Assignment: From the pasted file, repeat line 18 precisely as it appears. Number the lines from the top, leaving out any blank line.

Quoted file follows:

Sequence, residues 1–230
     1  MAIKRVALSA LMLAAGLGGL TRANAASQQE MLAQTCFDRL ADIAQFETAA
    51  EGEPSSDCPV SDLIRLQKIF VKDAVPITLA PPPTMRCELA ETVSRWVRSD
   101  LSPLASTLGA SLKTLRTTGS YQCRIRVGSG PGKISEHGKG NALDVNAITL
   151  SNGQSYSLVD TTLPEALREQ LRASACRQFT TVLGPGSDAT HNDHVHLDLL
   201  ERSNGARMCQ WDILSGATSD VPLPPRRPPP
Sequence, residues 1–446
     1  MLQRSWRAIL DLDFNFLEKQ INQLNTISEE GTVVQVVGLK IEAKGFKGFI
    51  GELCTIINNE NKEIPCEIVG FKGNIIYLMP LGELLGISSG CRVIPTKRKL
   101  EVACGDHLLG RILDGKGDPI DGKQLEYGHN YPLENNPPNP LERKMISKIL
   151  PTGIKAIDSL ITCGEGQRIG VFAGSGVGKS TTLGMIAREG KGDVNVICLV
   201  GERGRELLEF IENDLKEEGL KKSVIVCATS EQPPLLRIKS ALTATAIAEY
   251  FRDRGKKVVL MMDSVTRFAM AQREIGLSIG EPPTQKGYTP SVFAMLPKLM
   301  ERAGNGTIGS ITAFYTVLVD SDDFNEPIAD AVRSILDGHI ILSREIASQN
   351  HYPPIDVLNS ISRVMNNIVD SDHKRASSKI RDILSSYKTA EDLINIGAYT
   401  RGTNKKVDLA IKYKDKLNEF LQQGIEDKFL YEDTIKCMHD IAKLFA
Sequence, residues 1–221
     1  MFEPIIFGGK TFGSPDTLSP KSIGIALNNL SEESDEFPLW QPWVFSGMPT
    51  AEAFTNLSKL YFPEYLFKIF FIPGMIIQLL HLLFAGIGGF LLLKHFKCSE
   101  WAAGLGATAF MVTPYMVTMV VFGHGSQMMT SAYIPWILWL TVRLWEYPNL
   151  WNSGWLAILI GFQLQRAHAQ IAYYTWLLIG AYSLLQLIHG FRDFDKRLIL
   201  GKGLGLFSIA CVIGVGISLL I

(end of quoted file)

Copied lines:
     1  MFEPIIFGGK TFGSPDTLSP KSIGIALNNL SEESDEFPLW QPWVFSGMPT